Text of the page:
Inflation rate for July 2019 is estimated to drop to 11.01% from 11.22% recorded in June 2019.
The drop is said to be due largely to the harvest season.
This will be the second consecutive month for the inflation rate to have dropped and the lowest inflation rate recorded in Nigeria since February 2016.
The National Bureau of Statistics (NBS) is scheduled to release the July 2019 inflation figure on Friday, 16 August 2019.
The inflation rate target of the Central Bank of Nigeria (CBN) is between 6% and 9%. It is unlikely that Nigeria will achieve a single-digit rate of inflation in the short-term.
It is also noted that an increase in the inflation rate is not entirely bad, as a reasonable increase in general prices is important to encourage production. Manufacturers are encouraged to produce in an environment when the prices of the goods that are produced are going up so that they can recoup profit from the margin of price increase. Thus, most countries and central banks are only guarding against an excessive increase in general prices.
In the last few years, the apex monetary authority has been initiating several policies to help promote the agricultural sector. The aim of this is to boost agricultural yields, which would in turn kerb general price increases. The CBN’s focus on the agricultural sector is deliberate, as food prices significantly affect the country’s inflation rate.
Looking at the movement of food prices in the international market, the overall price of a basket of certain food items dropped in July relative to June 2019. In its July 2019 Food Price Index, the United Nations Food and Agriculture Organization (FAO) observed that the prices of food items in the international market decreased during the month. The FAO further noted that the prices of cereal, dairy products and sugar decreased between June and July 2019. The drop offset the increase in the prices of oils and meat recorded during the same period.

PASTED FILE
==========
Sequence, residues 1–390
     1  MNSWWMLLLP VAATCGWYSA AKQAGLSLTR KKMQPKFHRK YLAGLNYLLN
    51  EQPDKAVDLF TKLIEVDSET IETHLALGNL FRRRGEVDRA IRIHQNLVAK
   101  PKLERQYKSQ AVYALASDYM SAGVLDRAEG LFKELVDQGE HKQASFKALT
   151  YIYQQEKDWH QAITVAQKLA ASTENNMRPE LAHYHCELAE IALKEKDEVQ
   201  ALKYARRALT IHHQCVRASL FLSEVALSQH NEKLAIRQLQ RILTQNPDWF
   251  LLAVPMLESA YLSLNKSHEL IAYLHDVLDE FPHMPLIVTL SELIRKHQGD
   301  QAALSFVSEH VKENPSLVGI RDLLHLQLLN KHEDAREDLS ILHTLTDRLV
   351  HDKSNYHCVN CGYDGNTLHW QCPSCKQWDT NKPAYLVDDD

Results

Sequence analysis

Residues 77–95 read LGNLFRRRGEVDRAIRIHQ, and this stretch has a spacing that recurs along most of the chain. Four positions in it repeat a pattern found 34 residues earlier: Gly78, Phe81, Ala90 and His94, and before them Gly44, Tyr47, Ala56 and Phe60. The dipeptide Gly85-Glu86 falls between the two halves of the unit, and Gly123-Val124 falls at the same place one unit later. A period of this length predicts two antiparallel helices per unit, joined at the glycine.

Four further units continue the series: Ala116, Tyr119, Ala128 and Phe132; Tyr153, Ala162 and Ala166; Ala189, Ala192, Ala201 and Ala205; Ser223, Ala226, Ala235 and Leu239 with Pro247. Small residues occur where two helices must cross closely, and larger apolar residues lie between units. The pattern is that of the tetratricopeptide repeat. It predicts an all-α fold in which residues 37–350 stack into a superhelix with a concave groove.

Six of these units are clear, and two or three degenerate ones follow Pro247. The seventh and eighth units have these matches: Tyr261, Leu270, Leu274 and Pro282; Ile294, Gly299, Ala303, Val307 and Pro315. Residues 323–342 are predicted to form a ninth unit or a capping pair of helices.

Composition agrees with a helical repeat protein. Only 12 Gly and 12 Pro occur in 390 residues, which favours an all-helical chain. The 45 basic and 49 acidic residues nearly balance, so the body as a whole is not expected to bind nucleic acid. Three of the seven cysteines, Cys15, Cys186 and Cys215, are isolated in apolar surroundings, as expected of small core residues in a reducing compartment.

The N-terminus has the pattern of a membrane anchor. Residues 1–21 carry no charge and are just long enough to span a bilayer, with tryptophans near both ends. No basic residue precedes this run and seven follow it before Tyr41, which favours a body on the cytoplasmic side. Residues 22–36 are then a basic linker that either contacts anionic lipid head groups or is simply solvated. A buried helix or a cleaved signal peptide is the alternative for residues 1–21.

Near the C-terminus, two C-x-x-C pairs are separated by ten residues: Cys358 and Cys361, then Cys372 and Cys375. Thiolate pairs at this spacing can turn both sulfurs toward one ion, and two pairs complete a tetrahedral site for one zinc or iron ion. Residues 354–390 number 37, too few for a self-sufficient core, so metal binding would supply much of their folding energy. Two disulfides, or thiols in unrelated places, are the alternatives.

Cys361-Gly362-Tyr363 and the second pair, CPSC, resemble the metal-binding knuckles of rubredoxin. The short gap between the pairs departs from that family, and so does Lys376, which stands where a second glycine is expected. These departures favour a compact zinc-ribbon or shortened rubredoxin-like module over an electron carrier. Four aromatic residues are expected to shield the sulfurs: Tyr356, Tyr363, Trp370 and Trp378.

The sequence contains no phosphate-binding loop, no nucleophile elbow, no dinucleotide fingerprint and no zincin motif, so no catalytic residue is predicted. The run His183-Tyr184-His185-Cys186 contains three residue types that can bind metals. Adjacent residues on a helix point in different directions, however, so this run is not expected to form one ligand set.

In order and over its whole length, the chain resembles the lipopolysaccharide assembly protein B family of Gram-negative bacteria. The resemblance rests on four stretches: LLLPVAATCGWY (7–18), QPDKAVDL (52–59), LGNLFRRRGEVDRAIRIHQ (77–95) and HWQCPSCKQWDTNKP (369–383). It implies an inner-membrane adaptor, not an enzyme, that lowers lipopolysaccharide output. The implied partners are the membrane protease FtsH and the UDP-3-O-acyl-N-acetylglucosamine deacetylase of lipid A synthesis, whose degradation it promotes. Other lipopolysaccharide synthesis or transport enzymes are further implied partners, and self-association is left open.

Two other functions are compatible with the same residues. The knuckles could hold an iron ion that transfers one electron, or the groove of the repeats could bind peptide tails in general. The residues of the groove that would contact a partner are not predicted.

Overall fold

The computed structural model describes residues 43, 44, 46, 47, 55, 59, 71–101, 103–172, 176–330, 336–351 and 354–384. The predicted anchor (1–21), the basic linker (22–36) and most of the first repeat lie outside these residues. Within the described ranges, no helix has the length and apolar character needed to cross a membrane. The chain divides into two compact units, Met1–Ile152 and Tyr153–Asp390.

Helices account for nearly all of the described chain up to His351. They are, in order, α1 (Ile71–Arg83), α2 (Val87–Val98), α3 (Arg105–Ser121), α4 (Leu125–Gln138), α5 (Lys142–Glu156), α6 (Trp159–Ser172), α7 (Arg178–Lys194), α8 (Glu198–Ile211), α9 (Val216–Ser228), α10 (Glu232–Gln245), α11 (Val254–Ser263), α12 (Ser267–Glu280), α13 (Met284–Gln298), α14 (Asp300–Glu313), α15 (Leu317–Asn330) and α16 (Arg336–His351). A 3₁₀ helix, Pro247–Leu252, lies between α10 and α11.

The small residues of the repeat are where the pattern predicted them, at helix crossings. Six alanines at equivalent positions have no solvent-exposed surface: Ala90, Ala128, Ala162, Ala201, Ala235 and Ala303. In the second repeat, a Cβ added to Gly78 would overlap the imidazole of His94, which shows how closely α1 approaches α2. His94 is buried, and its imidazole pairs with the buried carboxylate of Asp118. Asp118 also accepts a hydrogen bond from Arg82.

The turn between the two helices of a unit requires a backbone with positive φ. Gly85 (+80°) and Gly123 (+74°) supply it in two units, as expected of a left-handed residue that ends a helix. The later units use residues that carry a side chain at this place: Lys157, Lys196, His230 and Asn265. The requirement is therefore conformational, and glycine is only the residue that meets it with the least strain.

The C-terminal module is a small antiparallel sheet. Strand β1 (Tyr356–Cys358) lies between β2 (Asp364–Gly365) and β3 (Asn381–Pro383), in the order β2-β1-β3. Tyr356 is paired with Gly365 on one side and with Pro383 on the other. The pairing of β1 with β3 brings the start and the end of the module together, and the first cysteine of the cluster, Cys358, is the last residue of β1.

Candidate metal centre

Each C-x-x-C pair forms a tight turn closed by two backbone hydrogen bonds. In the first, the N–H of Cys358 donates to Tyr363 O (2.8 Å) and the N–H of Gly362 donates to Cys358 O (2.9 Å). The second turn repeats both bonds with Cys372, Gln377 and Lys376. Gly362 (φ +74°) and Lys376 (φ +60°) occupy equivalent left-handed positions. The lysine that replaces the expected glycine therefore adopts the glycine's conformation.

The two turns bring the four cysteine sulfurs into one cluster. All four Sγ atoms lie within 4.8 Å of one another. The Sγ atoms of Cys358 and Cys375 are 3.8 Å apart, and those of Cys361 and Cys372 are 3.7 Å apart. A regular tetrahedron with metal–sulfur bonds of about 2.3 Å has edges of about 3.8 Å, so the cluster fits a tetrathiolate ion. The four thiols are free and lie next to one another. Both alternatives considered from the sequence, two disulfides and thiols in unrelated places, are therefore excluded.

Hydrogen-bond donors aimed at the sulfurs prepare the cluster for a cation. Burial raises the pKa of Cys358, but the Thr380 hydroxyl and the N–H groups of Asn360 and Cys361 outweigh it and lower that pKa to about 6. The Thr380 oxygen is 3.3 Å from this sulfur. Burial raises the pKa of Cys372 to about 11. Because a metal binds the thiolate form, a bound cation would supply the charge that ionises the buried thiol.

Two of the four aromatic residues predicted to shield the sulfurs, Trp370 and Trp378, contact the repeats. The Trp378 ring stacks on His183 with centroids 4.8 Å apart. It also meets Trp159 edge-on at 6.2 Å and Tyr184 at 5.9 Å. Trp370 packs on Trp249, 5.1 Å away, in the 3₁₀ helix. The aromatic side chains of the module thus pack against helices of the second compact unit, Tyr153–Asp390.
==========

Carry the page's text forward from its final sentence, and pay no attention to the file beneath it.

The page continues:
Despite the expected decrease in the inflation rate in the next few months, FSDH Research expects increased volatility in the inter-bank rates and a gradual increase in the rates at the Open Market Operations (OMOs) from August through to December 2019.
This is due to huge maturities in excess of N9.62trillion of government securities which we expect to hit the Nigerian financial market during the period.
Ordinarily, the expected large inflow of funds into the financial system may lead to inflationary pressure.
In this situation, the way to manage the expected high liquidity is for the CBN to increase its ‘mopping-up’ activities in the inter-bank market, leading to an increase in the OMO rate.
Therefore, it is expected that the next few months will throw up some interesting financing and investment opportunities in the Nigerian financial market.